• Being overweight or obese, particularly if you have a thick neck, as the extra fat in the neck can squash your airway.
  • Drinking alcohol in the evening. Alcohol relaxes muscles more than usual and makes the brain less responsive to an episode of apnoea. This may lead to more severe apnoea episodes in people who may otherwise have mild sleep apnoea.
  • Enlarged tonsils.
  • Taking sedative medicines such as sleeping tablets or tranquilisers.
  • Sleeping on your back rather than on your side.
  • Having a small or receding lower jaw (a jaw that is set back further than normal).
  • Smoking.

You may also have a family history of sleep apnoea.

Sleep apnoea in children

Obstructive sleep apnoea syndrome is common in children, especially in preschool children. The peak age is 3-6 years, which is the same time as the growth of the adenoids and tonsils.

Sleep apnoea in children may get better without treatment, especially in children with mild sleep apnoea and enlarged tonsils and adenoids. Sleep apnoea in children with enlarged tonsils and adenoids often improves if the tonsils and adenoids are removed. Sleep apnoea is more likely to persist if your child is overweight (obese), is a boy or if the sleep apnoea is severe.

People with obstructive sleep apnoea syndrome may not be aware that they have this problem, as they do not usually remember the waking times at night. It is often a sleeping partner or a parent of a child with sleep apnoea who is concerned about the loud snoring and the recurring episodes of apnoea that they notice.

One or more of the following also commonly occur:

  • Daytime sleepiness. This is often different to just being tired. People with severe sleep apnoea may fall asleep during the day, with serious consequences. For example, when driving, especially on long monotonous journeys such as on a motorway. A particular concern is the increased frequency of car crashes involving drivers with sleep apnoea. Drivers with sleep apnoea have a 7-12 increased risk of having a car crash compared to average. You should not drive and you should not operate machinery if you feel sleepy.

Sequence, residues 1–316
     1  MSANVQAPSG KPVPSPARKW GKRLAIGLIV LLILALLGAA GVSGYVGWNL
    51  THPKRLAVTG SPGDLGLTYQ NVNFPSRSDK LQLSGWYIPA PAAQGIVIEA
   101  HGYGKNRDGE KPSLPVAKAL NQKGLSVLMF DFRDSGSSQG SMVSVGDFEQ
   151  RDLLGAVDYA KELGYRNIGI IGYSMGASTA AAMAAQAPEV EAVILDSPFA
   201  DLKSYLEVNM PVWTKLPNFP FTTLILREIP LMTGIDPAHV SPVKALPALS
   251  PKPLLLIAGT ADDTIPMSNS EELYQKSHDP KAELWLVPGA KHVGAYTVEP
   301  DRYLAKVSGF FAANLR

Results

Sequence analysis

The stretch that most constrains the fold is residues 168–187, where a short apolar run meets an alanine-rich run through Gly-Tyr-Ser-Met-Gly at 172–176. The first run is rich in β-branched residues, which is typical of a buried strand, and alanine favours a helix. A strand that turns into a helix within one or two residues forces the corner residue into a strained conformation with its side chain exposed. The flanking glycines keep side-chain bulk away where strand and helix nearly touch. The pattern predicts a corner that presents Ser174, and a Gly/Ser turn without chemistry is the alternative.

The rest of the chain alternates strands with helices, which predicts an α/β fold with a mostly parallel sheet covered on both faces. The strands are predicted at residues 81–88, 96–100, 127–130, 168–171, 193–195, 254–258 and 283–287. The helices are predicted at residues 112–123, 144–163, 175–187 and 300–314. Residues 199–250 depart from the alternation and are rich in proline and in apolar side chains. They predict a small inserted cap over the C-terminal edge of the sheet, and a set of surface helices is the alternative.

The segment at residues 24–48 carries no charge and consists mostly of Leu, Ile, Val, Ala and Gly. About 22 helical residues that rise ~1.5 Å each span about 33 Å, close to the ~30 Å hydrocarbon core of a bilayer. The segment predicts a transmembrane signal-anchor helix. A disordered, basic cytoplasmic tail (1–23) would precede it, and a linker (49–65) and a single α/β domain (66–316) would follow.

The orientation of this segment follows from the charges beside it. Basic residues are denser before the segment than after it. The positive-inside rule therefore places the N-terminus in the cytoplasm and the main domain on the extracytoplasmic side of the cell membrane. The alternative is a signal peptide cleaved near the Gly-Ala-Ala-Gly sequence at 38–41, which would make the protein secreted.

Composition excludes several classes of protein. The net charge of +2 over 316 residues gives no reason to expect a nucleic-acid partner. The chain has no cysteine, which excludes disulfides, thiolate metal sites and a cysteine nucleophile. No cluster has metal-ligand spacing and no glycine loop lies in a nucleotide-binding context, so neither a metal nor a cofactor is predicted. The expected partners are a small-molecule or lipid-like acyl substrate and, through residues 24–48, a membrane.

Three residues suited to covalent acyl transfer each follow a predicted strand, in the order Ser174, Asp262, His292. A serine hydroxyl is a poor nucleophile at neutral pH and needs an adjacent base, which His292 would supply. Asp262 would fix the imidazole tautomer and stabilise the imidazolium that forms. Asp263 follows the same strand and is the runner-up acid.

• Poor concentration and mental functioning during the day. This can lead to problems at work.
  • Not feeling refreshed on waking.
  • Morning headaches.
  • Depression.
  • Being irritable during the day.

Some people with sleep apnoea find that they get up to pass urine frequently during the night. Less common sleep apnoea symptoms also include night sweats and reduced sex drive.

People with untreated sleep apnoea also have an increased risk of developing high blood pressure. Having high blood pressure can increase your risk of having a heart attack or a stroke. People with untreated sleep apnoea may also have an increased risk of developing problems with blood sugar regulation and type 2 diabetes.

Epworth Sleepiness Scale

If you have daytime tiredness, sometimes a questionnaire is used to measure where you are on the Epworth Sleepiness Scale. This helps to gauge the level of sleepiness that you feel during the daytime. A high score indicates that you may have a sleeping disorder such as sleep apnoea.

Tests to confirm sleep apnoea

If you have symptoms that suggest obstructive sleep apnoea syndrome, or a high score on the Epworth Sleepiness Scale, your GP may refer you to a specialist for tests. There are various types of test that can be done whilst you sleep. The ones done may be determined by local policies and availability of equipment. For example:

  • By using a probe placed under your nose, your airflow may be measured whilst you sleep.
  • A sensor may record snoring volume and body movement whilst you sleep.
  • The oxygen level in your blood can be monitored by a probe clipped on to your finger.
  • Breathing can be monitored and recorded by the use of special belts placed around the chest and tummy (abdomen).
  • A video of you sleeping may be undertaken.

You may be asked to spend a night in hospital for the tests to be done. However, some of the tests may be done in your own home from equipment supplied by the specialist. The information gained from the tests can help a specialist to firmly diagnose or rule out sleep apnoea.

Your doctor will usually check your blood pressure. (Sleep apnoea is associated with high blood pressure.) They may also suggest other tests to exclude other causes of your sleepiness. For example, a blood test can check for an underactive thyroid gland.